For those of you who went to Church on Easter, how would you respond to what happened at St. Peter’s Cathedral in New York yesterday?:
About 20 minutes into the Rev. Damian O’Connell’s noon Mass, protester Jacob Martin, 23, rose out of his seat in the center of the church and started to walk down the aisle while shouting into a bullhorn that “only the devil” could create “animals capable of love and joy just so humans can make them suffer and die.”
I’m not for inhumane treatment of animals, although I am not against all and any killing of animals. But it seems wrong to use religious events (of any religion) as platforms for conducting political protests.
For years now, most people have found the Westboro Baptist Church’s protests at the funerals of veterans uncivil and obnoxious. This is, at least in part, because people feel that a funeral is no place to hold a political protest– religious personal events like this should be given a certain solemn dignity and respect. But this Easter evidently more people are increasingly deciding that political statements (even mass bombings) need not respect the sanctity of religious practices.
The first world famous event from this Easter is obviously the Easter bombing in a park in a Christian neighborhood in Pakistan. Now terrorist bombers have been blowing up mosques and churches for years, so there is really nothing all that novel here, except that it was done on a religious holy day.
A much less damaging but still disrespectful religious service interruption happened in New York on Easter according to the New York Post:
Worshipers attending Easter Mass at St. Patrick’s Cathedral got the scare of their lives when a band of unruly protesters disrupted the event. “I thought they were going to blow themselves up,” worshiper Carol Forester, 50, confessed. A group of six animal rights protesters abruptly leaped up from a pew in the middle of the service and shouted, “Easter is a time for love! No more shedding animal blood!” while holding up signs of animals pleading for their lives. About 20 minutes into the Rev. Damian O’Connell’s noon Mass, protester Jacob Martin, 23, rose out of his seat in the center of the church and started to walk down the aisle while shouting into a bullhorn that “only the devil” could create “animals capable of love and joy just so humans can make them suffer and die.” Martin, who is a former University of North Carolina student and identifies as a Christian, also had camera strapped to his chest, which worshipers believed was an explosive. Martin was arrested and charged with interrupting a religious service, according to police.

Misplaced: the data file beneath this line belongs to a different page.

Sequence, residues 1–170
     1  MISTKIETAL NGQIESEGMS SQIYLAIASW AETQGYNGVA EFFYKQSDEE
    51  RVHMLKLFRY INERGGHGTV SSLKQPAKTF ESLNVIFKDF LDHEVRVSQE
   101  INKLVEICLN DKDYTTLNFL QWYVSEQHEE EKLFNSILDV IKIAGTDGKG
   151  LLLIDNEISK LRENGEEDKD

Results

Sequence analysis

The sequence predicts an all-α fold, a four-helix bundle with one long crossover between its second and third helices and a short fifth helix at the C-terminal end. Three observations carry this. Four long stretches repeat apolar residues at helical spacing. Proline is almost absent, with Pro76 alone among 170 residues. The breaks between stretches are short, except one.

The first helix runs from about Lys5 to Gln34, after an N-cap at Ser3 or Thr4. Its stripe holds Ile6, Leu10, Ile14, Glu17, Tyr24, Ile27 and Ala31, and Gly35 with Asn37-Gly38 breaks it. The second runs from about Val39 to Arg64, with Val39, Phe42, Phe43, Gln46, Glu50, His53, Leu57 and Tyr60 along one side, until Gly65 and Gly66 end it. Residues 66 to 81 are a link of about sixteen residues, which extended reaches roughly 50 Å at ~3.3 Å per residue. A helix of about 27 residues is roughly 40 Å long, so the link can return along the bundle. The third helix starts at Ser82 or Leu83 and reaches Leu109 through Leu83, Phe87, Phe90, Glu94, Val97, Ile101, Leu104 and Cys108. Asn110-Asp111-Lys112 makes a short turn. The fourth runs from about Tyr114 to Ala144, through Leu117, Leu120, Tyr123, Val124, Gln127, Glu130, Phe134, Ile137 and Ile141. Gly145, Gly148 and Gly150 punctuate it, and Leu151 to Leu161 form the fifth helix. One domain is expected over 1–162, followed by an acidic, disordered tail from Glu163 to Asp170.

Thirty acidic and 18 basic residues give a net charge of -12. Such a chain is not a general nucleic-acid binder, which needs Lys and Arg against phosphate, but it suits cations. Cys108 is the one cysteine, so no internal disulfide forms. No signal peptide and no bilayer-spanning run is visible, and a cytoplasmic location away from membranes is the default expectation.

Obviously the protesters here have strong moral beliefs about animal rights. But to disrupt a religious service on perhaps the highest holy day seems, like the Westboro Baptist Church’s protests, and the Easter park bombings, to be entirely disrespectful of religious practices. I’m not saying that Churches should not be political, but specifically religious services, like funerals and mass, should not be the forums for political protest disruptions, in my opinion. I don’t think these animal rights activists did themselves any favors pulling off this shenanigan.